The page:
In the pantheon of fears in sports, being the target of a first-round upset is near the top of the list. There’s little worse than being sent home early and unexpectedly, and some organizations can live this nightmare for years.

Hockey is a low-scoring, volatile sport susceptible to upsets. It’s part of what makes it so captivating. Yet we know talent does prevail long-term – look no further than what the Tampa Bay Lightning have done in recent years, or a handful of other brief dynasties predating them.

As we head into the 2021-22 Stanley Cup Playoffs, a question arises: Are there statistical indicators of a team’s likelihood of being upset against an inferior opponent, and if so, what are those measurements?

To analyze this, I started with the trailing 10 years of first-round playoff performances. Teams that advanced as the stronger seed from Round 1 were differentiated from teams that were upset in the opening round. I focused on the usual key performance indicators for the time being – goals and expected goals (shots adjusted for quality), stop rates and save percentages, with those numbers split across the varying game states.

Here’s what the macro data looks like:

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There’s very little daylight in some of these measures, in large part because we are talking about playoff-calibre teams that aren’t separated by much in terms of talent. But there are a handful of notable observations from the data set.

- Offensive production matters, and that trend is only increasing with higher scoring. But look at the delta between expected goal scoring and shooting percentage, either at even strength or on the power play. Teams that generate heavy volumes of offensive production are smiled upon; teams that rely on shooting percentages more so than volume, less so. You’ll note that teams that were upset in the first round had better regular-season shooting percentages than the teams that advanced.

- You cannot win with poor goaltending, but that is something that is usually decided in the regular season. That is to say: teams with poor goaltending struggle to qualify for the playoffs. Most playoff qualifiers have average or above-average goaltending, so you see little differentiation between the teams advancing and being upset. Advancing teams only had marginally better stop rates at even strength and on the penalty kill during the regular season.

- Interestingly, the penalty kill is one area where great goaltenders differentiate themselves. Advancing teams gave up more expected goals on penalty kills than teams that were upset, but great goaltending kept real goals at bay.

- The strongest differentiator is expected goals for at even strength. Since expected goals are capturing shot volume (and by extension, puck control time) and adjust for the lethality of those shots, it is an excellent barometer of which team is driving play. Moreover, it’s the type of valuable statistic that sustains itself over time.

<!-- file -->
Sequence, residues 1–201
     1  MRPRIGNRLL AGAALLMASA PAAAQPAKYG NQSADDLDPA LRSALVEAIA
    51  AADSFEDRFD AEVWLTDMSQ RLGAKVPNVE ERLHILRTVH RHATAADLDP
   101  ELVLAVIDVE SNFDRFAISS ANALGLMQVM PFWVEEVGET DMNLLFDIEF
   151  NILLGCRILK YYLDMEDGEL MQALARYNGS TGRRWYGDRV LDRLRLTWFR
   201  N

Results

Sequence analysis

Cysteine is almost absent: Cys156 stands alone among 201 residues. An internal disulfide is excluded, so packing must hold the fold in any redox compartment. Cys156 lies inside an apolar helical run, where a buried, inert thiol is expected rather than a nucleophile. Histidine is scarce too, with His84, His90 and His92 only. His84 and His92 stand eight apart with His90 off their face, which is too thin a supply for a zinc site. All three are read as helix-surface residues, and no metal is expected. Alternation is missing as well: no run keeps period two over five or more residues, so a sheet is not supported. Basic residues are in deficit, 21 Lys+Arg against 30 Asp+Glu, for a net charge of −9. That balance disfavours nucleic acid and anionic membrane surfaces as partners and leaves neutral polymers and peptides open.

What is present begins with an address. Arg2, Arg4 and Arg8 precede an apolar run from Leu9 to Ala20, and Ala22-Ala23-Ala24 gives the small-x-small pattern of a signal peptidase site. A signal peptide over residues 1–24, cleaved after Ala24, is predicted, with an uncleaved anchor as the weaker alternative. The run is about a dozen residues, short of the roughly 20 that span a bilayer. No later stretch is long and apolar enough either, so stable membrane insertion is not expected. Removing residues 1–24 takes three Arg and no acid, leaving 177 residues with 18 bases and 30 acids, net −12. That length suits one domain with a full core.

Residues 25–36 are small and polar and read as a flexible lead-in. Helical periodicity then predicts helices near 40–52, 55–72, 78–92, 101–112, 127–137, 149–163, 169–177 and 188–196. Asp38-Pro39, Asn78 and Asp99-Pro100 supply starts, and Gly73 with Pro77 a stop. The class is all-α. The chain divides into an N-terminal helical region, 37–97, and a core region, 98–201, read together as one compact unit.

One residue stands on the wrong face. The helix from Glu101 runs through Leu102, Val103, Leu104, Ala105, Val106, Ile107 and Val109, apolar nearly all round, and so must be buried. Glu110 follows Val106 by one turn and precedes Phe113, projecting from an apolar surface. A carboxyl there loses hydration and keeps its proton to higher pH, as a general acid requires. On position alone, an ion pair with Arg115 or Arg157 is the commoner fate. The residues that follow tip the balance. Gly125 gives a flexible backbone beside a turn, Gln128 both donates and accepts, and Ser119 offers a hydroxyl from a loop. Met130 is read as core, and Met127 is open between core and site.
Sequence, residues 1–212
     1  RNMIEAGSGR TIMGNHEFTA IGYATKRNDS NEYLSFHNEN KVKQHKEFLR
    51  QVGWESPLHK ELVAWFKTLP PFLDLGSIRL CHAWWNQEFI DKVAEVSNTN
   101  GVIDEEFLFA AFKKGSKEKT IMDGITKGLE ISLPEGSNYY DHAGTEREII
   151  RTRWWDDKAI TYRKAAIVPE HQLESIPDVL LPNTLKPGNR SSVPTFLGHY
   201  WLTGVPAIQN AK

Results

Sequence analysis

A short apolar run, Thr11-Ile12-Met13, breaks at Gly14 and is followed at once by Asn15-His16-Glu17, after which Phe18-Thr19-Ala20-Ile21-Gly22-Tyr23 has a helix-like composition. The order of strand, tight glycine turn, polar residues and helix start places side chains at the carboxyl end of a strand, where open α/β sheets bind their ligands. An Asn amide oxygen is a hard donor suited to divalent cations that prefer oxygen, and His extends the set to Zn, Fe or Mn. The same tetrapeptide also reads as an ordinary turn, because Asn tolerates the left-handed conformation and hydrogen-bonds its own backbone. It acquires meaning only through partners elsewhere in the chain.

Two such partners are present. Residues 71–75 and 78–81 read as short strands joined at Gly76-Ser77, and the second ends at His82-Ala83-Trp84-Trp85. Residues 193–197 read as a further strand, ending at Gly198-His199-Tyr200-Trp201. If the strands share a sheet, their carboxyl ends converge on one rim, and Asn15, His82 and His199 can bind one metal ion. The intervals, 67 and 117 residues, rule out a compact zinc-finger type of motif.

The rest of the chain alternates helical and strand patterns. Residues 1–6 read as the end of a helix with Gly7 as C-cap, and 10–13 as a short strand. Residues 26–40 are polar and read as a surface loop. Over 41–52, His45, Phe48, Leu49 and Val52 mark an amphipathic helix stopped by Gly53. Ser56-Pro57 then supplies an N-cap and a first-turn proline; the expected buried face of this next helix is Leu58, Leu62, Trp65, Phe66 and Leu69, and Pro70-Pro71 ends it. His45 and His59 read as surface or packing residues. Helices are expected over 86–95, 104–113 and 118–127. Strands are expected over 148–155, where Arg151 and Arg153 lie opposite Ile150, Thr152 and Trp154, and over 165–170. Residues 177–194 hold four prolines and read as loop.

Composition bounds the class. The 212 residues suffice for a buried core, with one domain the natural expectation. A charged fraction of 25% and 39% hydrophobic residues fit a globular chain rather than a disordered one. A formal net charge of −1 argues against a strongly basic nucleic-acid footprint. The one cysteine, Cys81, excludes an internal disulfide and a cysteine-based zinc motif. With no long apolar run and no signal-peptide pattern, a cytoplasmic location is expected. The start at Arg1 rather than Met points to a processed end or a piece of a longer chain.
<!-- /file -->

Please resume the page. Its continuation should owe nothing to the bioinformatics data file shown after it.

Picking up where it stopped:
Let’s bring this back to the upcoming postseason. Entering play Monday, 11 teams still have a shot at being the higher seed in their first-round matchup. If we use advancing team averages across all these measures as a baseline, we can assign a risk profile to each team. Teams that are beating most of the statistical baselines, we know from history, will generally advance; teams that aren’t are at higher risk of an upset.

Here’s what this looks like:

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Most of the offensive numbers are squeezed to the upside this year, so naturally most of the playoff-bound teams are beating offensive expectations. But we can still glean quite a bit from this data.

For example: the risk profiles are very kind to the Carolina Hurricanes, St. Louis Blues, and Calgary Flames because they tend to be well-balanced teams that dominate the puck. Moreover, they don’t have an obvious area of weakness that’s manifested over the course of the regular season.

Contrast that to a team like the Colorado Avalanche, who have been extraordinarily strong for years now and may be the most talented team in the league. Why do they carry a higher risk profile? The simple answer is the penalty kill. If you can get Colorado to spend some time in the box (easier said than done), they are not the same team. And the gap is significant: on a per-minute basis, Colorado was 34 per cent less effective suppressing goals than conference-rival Calgary, and 72 per cent less effective than the Hurricanes.

Lastly, the Toronto Maple Leafs, everyone’s favourite “first-round upset” team. I wrote earlier this year I thought this season was different – that Toronto was not showing the same risk profile they had in years past, be it from a weak blueline or shaky goaltending, and that they would be a much more game club come playoff time. A lot of that has to do with the offensive dominance we have seen from this club all season long.

We won’t know if the Maple Leafs will earn home-ice advantage for a few more days, and we do know they are likely entering a harrowing first-round series with Tampa Bay. But if you trust Jack Campbell in net, the Maple Leafs are as well-situated as any Eastern Conference team to advance, save Carolina.

Now it’s time to actually win a series.

Data via Natural Stat Trick, Evolving Hockey,, Hockey Reference